Now, we have Castro orchestrating a public relations campaign with people who portray themselves as moderates, assuring us that Cuba is a peaceful country. In fact, they even propose that Cuba be withdrawn from the list of countries sponsoring terrorism. Well, before you buy that proposal, please read the second part of my Memorandum to the Bush Transition Team.
Castro's War against the US
The roots of Castro's hostility against the US go back to his father who was a soldier in the Spanish army defeated by American forces during the Spanish-American War; and, to his resentment of Americans living at the United Fruit enclave in Oriente Province, where he was born and spent his childhood. The most explicit manifestation of how that hostility was converted into an aggressive stance against the US is reflected in the letter Castro sent to his secretary and confidant, Celia Sánchez, in the summer of 1958. That is, a few months before coming to power. In that letter, exhibited at the Museum of the Revolution in Havana and published by Lionel Martin in his book The Early Fidel, Castro states: "...I have sworn to myself that Americans are going to pay dearly for what they are doing. When this war is over, a much wider and bigger war will begin for me, the war I am going to wage against them. I realize that is going to be my true destiny."
In January 1959, shortly after taking power, Castro met with Colonel Ramón Barquín and his fellow professional army officers who had conspired to overthrow Batista and had been imprisoned as a consequence. During the conversation, he told them that he wanted an army capable of fighting a war. When one of the officers commented that the war had just finished, Castro's answer was: "No, the war is just beginning, because this is going to end in a war against the United States."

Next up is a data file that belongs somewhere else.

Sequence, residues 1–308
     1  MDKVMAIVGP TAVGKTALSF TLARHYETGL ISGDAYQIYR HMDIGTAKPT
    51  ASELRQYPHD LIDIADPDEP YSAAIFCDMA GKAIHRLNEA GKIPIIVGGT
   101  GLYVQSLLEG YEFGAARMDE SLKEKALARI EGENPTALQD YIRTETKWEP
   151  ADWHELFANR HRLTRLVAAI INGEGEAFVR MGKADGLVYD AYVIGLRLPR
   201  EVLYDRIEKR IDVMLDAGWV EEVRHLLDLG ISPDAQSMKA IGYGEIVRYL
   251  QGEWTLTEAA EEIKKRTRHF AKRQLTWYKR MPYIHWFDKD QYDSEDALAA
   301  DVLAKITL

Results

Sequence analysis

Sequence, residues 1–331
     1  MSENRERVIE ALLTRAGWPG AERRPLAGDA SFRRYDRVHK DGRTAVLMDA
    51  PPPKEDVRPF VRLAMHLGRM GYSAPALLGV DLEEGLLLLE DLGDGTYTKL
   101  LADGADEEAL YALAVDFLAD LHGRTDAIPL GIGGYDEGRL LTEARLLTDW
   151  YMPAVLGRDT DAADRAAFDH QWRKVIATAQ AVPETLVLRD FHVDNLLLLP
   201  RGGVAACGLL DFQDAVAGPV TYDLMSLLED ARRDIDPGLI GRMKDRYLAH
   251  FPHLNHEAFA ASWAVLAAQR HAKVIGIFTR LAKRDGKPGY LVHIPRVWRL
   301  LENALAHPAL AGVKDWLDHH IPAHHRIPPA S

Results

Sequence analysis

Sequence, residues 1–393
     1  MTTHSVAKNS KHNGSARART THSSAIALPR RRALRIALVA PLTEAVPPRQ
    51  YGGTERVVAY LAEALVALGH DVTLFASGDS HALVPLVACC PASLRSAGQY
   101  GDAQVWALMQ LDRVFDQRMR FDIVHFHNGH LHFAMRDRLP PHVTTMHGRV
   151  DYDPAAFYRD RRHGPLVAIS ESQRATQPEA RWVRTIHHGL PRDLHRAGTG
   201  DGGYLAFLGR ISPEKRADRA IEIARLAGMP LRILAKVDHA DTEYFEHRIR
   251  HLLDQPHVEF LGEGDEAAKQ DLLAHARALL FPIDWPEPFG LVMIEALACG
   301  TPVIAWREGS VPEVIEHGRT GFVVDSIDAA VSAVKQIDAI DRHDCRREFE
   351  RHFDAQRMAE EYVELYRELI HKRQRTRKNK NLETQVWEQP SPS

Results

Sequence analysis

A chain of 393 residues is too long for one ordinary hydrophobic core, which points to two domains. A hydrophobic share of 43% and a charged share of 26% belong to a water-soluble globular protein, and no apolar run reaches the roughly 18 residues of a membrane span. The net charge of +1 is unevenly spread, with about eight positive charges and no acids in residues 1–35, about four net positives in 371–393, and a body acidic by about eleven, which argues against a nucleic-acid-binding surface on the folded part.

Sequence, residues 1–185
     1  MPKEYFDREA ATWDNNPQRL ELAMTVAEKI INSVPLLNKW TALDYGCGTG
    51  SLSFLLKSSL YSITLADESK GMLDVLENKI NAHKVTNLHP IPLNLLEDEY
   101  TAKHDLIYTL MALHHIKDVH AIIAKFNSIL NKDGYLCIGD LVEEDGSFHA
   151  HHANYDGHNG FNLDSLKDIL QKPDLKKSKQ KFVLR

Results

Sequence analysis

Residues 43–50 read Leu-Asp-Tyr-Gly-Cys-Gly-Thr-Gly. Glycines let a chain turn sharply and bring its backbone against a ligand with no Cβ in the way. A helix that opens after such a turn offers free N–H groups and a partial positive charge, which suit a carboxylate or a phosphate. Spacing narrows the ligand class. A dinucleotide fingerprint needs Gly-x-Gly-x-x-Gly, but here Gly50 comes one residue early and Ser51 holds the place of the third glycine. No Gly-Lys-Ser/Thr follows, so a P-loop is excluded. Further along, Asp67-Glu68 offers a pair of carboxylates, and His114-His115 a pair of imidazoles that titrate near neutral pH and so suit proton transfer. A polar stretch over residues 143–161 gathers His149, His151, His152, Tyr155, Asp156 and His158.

That is why the Cold War is not over in Cuba. Once in power, Castro started preparing for his war against the US based on two strategies: one overt and the other covert.
The overt strategy to wage war on the US
It is in that context and not in the context of a commitment to communist ideology that we have to see Castro's entanglement with the Soviet Union. He needed the Soviets as an strategic umbrella to counterweight American power while he was pursuing "his true destiny."
In pursuit of that overt strategy, Castro expected Latin American support. Once he realized that Latin America was reluctant to support his war against the US, Castro targeted Latin governments through his policy of exporting revolution. Some of these governments are now asking the US to accept Castro unconditionally, but any serious review of the historical record of the sixties will reveal that Latin American governments came to see Castro as a menace to their internal security and stability. Contrary to the prevailing perception that we twisted the Latins' arms when the OAS acted in 1962, US prodding fell in most receptive ears.